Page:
It is always a matter of great joy to be able to interact with these courageous personnel. pic.twitter.com/e9th01wwiy
During the Kargil War in 1999, I had the opportunity to go to Kargil and show solidarity with our brave soldiers.— Narendra Modi (@narendramodi) July 26, 2019
This was the time when I was working for my Party in J&K as well as Himachal Pradesh.
The visit to Kargil and interactions with soldiers are unforgettable. pic.twitter.com/E5QUgHlTDS
In fact, in the true spirit of ‘Har Har Modi, Ghar Ghar Modi’ (Everyone Is Modi, Modi In Every House), from the film industry to academics, sportspersons to media practitioners, corporate houses to commercial advertisement makers, aspiring politicians to government functionaries, PM Modi has inspired “love” for military in everyone.
Armed forces are shamelessly dragged into controversies to weigh the nationalism of dissidents against that of the soldiers for skirting attention from real issues. The ruling party’s obsession with the military has grown to such an extent that even Rajya Sabha marshals traded their ethnic wear for a new uniform resembling the military, last month.
As Jawaharlal Nehru University vice-chancellor, Jagadesh Kumar, waits for a decommissioned tank to be stationed on his campus, a proud PM Modi was seen riding a K-9 Vajra Self Propelled Howitzer earlier this year.
TV media debates have become militarised. The Prime Minister and his party colleagues’ penchant for military jargon peddled by Bollywood war movies—which ooze chest-thumping patriotism and testosterone-adrenaline-driven machismo—is no longer a secret.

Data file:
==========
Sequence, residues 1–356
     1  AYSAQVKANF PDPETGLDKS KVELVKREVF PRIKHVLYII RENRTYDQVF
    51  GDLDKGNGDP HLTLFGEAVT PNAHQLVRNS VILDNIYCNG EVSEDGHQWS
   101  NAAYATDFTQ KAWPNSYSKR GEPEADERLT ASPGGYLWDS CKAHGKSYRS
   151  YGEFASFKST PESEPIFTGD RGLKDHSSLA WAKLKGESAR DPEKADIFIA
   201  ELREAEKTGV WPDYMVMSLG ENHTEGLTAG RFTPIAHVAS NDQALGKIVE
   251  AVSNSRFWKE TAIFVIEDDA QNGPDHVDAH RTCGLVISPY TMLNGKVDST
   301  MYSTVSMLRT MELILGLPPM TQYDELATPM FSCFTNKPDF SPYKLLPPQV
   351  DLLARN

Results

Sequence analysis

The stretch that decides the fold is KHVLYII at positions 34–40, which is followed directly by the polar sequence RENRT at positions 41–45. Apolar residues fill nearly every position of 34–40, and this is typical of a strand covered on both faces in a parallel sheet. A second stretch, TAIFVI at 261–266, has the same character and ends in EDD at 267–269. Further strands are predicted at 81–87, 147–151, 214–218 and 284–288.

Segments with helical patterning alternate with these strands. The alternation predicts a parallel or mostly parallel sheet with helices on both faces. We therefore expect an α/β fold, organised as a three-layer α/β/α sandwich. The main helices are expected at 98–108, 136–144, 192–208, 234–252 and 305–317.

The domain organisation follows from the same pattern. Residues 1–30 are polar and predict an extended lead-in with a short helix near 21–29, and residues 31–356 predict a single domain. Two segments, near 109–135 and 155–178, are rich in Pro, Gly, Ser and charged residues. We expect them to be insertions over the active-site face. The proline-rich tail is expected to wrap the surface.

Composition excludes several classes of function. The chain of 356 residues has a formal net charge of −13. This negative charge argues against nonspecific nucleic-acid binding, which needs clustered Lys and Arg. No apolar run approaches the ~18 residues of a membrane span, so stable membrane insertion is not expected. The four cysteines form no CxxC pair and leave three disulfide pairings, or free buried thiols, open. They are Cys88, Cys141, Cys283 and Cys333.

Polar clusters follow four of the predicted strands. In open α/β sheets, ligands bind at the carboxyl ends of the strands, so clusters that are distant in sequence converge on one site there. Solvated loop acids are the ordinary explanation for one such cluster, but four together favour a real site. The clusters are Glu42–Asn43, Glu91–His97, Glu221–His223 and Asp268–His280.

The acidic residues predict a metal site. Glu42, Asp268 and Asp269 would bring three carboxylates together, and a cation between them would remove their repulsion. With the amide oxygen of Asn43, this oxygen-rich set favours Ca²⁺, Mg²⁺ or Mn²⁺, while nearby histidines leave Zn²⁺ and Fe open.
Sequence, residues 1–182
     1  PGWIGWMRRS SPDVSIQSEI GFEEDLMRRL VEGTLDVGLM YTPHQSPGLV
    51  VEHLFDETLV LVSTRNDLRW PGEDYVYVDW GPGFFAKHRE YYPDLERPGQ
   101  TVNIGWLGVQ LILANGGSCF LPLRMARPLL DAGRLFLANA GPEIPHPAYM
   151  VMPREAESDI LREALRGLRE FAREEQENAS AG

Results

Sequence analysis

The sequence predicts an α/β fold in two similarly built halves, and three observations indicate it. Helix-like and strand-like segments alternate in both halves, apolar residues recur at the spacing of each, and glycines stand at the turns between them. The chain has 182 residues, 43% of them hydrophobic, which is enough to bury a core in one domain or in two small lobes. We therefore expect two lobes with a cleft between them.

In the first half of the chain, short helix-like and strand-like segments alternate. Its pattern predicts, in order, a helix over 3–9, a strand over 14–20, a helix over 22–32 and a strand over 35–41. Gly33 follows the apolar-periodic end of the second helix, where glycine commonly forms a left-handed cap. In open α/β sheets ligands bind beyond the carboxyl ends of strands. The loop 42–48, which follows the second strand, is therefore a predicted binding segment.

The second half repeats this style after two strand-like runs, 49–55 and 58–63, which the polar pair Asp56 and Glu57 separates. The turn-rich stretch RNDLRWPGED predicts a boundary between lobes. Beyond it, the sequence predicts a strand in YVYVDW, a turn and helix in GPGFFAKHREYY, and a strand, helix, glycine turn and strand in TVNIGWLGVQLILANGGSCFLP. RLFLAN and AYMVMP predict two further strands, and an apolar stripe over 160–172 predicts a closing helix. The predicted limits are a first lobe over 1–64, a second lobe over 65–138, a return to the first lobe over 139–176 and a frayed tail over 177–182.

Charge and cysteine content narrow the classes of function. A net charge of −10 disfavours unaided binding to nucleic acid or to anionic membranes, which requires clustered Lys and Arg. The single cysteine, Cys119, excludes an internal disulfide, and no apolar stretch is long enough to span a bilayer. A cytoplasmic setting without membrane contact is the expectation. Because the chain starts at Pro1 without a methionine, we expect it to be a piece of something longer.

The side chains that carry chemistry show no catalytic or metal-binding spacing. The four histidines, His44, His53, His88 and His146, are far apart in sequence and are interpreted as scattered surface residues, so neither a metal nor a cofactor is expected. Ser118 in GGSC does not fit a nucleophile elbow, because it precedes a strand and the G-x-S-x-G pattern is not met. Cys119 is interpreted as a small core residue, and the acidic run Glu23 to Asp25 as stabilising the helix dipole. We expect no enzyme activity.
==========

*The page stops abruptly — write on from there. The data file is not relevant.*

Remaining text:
On a day when over 40 Central Reserve Police Force jawans were killed in the Pulwama attack, PM Modi had continued shooting for the Discovery channel’s ‘Man Vs Wild’ show in the Corbett National Park. Thereafter, he had addressed a political rally in Rudrapur through telephone. And it took him almost three hours to react to the incident.
“I didn’t sleep at all that night… I stayed awake,” PM Modi told a gathering at New Delhi’s Palam airport on September 28, recalling the 2016 surgical strikes. He had said similar things in TV interviews ahead of the general elections earlier this year.
“Today, New India is growing in stature globally, and this is due in large measure to its Armed Forces,” he stated in his keynote address at the inaugural function of the National War Memorial in February this year.
Since 2014, we have been witnessing a blizzard of Indian war movies. The lines that separate patriotism and propaganda are getting blurred in society as well. Even solemn functions held for honouring war widows are being relegated to occasions for entertainment. On November 24, a veteran who is associated with the ruling party, TC Rao, held a function at Delhi Cantt. To pep up the ceremony, the organiser had a Haryanvi dancer and a BJP member, Sapna Choudhary, performing raunchy dance numbers on the stage.
As 2019 comes to a close, PM Modi asking the film fraternity “How’s the josh?” at the inaugural event of the National Museum of Indian Cinema in Mumbai— 24 days before the deadly Pulwama attack—remains one of the major highlights of the year. Responding to the “High Sir!” response, he had remarked, “for building New India, your josh means a lot.”
The terror attack—which was followed by a dogfight between Indian and Pakistani air forces—had film producers scrambling to register movie titles like ‘Abhinandan’, ‘Balakot’, ‘Pulwama’ and ‘Surgical Strike 2.0’.
“That’s how it goes. Everybody knows!”